Published in the Star-Ledger, Sunday, July 15,2007
Race reporting 40 years ago, and its legacy today
BY LINDA OCASIO
On July 13, 1967, as the Newark riots began to unfold, The Star- Ledger's lead story described "carloads of Negroes" surrounding City Hall, and "large roving bands of Negro youths." Three days later, the newspaper's analysis focused on "unrestrained marauding teenagers," restless youths who "came forth with the muscle and manpower to transform a localized inci dent into a rampaging riot."
It was loaded language, convey ing threat and intimidation. There was a palpable mix of fear, anger and bewilderment in the reporting -- a lot of heat and very little light.
The Star-Ledger wasn't the only publication to take that tone. Magazines such as Time and Life -- still-powerful players in a long-ago media environment, before cable news and the Internet -- devoted cover stories to the riots. Reading their coverage of the Newark un rest is revealing of how race was discussed back then.
Time magazine's July 21, 1967, cover carried the banner, "Anatomy of a Race Riot," and featured Newark cab driver John Smith on the cover -- the man whose ru mored death at the hands of the police was one of the factors that ignited the riots. Inside, the text and picture captions treated the mayhem as beyond comprehen sion, and took a dig at the social programs launched by President Lyndon Johnson.
Under a picture of a gutted store, a caption read: "After -- not before -- the Great Society." Another caption, below pictures of Gov. Richard Hughes and Newark Mayor Hugh Addonizio, read: "Even the improvements fueled the grievances."
Time's writers concluded that events in Newark unfolded for reasons "not fully foreseeable before hand nor easily explicable afterward."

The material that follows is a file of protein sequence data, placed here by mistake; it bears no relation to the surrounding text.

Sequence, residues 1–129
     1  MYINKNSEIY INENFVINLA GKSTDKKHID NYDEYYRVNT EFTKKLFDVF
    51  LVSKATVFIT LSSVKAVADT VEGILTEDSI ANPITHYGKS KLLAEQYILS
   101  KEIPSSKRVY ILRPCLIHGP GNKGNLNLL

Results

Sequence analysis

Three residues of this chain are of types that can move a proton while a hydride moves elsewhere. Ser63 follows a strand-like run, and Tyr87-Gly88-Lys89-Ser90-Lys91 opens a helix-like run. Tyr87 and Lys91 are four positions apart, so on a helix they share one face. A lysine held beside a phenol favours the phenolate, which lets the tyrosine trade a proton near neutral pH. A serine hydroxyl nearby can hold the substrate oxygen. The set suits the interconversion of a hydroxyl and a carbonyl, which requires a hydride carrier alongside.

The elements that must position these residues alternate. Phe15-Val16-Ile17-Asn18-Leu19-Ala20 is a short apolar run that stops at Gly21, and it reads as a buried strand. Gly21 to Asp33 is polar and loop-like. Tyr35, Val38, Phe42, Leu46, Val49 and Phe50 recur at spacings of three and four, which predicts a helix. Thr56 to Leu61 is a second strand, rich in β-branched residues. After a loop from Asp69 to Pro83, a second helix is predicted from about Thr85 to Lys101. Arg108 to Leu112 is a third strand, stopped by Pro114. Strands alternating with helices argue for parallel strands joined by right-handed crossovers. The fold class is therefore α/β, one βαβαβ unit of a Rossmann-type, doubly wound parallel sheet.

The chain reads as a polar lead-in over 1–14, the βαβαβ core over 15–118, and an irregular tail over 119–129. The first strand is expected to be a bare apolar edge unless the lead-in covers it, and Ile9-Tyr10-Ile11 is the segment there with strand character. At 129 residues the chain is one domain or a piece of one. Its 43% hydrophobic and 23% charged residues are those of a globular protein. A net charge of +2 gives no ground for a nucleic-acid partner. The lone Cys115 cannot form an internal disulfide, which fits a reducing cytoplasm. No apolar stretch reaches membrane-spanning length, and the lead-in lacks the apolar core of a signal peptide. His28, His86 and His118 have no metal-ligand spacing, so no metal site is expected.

Interestingly, Life, Time's sister publication, on July 28, 1967, had the exact opposite viewpoint. Its cover headline was "Newark: The Predictable Insurrection." On the cover of Life, a black child laid in his own blood on a street. The child, Joe Bass, 12, of Newark, was caught in the crossfire as a National Guardsman took aim at a looter.
Analysis by writers like Shana Alexander and Hugh Sidey begins to slowly connect the dots: the growing gap between white afflu ence and the black ghetto, the ascendance of a more militant approach to civil rights in the North, and prescient questions about Great Society programs.
"Some $30 billion ... will be poured into the cities and their people in one form or another this year," Sidey wrote. "And yet it may not be enough or it may not be properly directed."
Many readers might attribute the uneven coverage and analysis to the make-up of most newsrooms 40 years ago: They were overwhelmingly white and male. But many white reporters and editors distinguished themselves with their coverage of segregation in the South and the nonviolent resistance of the civil rights movement led by Martin Luther King Jr. Somehow, the press dropped the ball when it came to racial unrest in the North.
"I had this feeling that some (editor) high up had to say, 'Why didn't we see that coming,'" said Hank Klibanoff, the managing editor of the Atlanta Journal-Constitution. "We were looking at the South so intently."
Klibanoff is the co-author with Gene Roberts, a former top editor at the New York Times and the Philadelphia Inquirer, of "The Race Beat: The Press, the Civil Rights Struggle, and the Awakening of a Nation." Their book, which won the 2007 Pulitzer Prize for history, documents how the press brought the injustice of the segregated South to the forefront of public consciousness. But when Watts exploded in 1965 with six days of rioting, followed by Newark and Detroit a few years later, none of that experience in the South mattered.